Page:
Let's take a look at the reasons why an email is not delivered to the client and analyze the possibilities to prevent this.

E-mail is stopped at the server (gateway)

After the sender has sent an e-mail, it is quite possible that this e-mail does not get through to the server, i.e. cannot successfully pass the gateway.

The following reasons can be the reason for the e-mail being held up on the server:

  • The recipient server is not found because the server name no longer exists (hard bounce)
  • Server is found and exists, but gives the feedback that the recipient email address does not (no longer) exist (hard bounce)
  • the e-mail does not reach the server due to a soft bounce, i.e. a temporary error message such as an overfilled mailbox or the temporary unavailability of the server
  • E-mail does not meet the server's spam criteria and is not put through due to this and due to firewall settings of the server. The classification as untrustworthy can occur, for example, because the server does not yet know the sender. You should therefore always advise your customers to create the sender address as a contact and to put their sender IP address on a permission list.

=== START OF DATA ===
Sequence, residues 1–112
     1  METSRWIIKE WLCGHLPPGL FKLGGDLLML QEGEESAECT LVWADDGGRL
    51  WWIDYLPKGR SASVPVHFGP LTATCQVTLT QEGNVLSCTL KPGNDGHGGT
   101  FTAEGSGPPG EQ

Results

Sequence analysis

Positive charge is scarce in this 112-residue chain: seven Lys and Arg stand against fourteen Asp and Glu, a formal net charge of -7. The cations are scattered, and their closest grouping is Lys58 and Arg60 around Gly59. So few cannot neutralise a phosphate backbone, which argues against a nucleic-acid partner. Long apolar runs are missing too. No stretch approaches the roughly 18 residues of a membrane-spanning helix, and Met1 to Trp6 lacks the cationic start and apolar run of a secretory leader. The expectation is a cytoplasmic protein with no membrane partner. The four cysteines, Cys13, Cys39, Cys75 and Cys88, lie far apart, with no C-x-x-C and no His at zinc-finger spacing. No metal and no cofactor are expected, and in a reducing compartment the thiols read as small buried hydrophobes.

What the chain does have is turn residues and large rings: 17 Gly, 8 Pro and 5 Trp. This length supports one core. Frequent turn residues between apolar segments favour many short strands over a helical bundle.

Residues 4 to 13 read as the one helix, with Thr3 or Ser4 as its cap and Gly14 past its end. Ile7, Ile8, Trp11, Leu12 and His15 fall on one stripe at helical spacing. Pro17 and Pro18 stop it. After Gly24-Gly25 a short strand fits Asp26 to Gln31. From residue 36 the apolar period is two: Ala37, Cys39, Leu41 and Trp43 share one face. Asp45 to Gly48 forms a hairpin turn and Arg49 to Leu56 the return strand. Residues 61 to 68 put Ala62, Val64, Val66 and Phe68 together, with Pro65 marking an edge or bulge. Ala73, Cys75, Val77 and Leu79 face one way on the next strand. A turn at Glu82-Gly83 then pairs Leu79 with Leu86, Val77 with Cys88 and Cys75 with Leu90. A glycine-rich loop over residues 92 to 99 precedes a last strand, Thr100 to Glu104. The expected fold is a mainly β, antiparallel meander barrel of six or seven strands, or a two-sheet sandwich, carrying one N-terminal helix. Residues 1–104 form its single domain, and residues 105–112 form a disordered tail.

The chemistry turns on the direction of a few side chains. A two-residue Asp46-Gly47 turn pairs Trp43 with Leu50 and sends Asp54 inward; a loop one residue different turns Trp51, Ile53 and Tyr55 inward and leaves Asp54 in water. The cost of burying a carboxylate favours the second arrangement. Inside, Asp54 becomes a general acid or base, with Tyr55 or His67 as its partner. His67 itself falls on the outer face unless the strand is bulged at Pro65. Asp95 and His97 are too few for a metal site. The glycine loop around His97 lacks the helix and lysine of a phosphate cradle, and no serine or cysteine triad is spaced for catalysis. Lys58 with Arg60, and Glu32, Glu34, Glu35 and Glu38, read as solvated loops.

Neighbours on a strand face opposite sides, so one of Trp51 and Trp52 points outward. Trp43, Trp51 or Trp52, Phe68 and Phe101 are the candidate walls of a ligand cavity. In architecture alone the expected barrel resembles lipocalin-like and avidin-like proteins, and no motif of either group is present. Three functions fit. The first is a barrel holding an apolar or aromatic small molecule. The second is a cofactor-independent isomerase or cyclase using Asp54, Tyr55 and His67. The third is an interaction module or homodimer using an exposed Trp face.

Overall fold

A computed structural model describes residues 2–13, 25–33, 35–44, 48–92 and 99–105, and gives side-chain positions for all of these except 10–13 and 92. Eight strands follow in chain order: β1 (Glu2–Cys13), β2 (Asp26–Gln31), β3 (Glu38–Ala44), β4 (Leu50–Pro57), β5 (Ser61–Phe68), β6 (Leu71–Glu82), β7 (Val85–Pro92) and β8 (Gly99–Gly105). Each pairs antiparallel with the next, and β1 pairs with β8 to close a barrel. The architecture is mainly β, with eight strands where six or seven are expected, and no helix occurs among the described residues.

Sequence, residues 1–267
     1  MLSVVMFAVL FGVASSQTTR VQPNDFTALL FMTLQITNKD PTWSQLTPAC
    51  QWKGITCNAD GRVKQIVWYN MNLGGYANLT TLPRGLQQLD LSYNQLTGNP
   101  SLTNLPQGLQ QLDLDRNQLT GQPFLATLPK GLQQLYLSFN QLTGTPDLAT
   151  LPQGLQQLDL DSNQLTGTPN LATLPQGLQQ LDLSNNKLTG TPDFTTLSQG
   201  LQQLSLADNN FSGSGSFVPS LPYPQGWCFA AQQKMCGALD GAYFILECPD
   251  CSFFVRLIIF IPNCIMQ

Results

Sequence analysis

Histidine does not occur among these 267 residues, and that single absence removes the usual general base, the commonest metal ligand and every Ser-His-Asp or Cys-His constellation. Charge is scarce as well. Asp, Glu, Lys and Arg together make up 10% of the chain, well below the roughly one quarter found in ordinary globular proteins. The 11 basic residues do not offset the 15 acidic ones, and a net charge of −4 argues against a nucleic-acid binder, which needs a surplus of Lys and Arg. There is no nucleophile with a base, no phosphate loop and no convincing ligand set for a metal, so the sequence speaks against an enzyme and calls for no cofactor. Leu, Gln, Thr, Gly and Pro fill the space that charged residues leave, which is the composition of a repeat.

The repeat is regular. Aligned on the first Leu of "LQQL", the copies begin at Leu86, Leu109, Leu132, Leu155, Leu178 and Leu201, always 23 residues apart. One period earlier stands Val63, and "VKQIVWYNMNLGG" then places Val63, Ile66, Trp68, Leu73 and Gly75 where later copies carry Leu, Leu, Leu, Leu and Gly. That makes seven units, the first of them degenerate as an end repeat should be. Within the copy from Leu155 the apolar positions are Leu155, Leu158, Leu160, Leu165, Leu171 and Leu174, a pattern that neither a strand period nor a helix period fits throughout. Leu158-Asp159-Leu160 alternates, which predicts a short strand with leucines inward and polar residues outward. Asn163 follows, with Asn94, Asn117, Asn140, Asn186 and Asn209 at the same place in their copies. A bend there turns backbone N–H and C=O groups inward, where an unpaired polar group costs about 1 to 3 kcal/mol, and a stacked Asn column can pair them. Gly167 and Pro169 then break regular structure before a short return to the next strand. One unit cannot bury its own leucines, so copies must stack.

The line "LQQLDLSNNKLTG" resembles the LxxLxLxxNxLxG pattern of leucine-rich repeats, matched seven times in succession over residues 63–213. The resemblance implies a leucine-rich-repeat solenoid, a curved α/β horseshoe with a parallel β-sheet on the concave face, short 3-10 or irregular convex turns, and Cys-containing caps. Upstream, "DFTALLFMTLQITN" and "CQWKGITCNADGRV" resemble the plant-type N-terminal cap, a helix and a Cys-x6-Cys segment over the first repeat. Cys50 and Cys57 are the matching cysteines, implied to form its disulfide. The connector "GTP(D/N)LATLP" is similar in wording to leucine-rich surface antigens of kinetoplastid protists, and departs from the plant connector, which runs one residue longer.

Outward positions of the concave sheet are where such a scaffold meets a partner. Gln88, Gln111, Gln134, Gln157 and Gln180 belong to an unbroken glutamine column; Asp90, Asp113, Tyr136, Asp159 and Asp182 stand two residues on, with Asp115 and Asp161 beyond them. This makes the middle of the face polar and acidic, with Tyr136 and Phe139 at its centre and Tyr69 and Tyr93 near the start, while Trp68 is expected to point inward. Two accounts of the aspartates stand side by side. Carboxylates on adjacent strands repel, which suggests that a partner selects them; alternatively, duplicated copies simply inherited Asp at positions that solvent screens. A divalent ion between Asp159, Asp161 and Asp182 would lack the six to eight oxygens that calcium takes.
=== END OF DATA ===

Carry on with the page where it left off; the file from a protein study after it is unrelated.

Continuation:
• The sending address/domain or IP address is on the internal blacklist of the email server and thus the delivery of the email is blocked.
For more information about hard and soft bounce, see this article about the Email Log.

CONCLUSION: As a simplest solution, it is recommended that the IP address and/or shipping address of MATE be stored with the server as secure. You should also make sure that the shipping address / domain or IP address is not on the server's internal blacklist (this includes the domain mailjet.com of our email provider).

If an e-mail is rejected by the server and its further transmission is blocked and stopped within this 'stage', the sender (here: MATE) receives an error message that the e-mail could not be delivered. An error message is then displayed in the e-mail log, which you can access in MATE.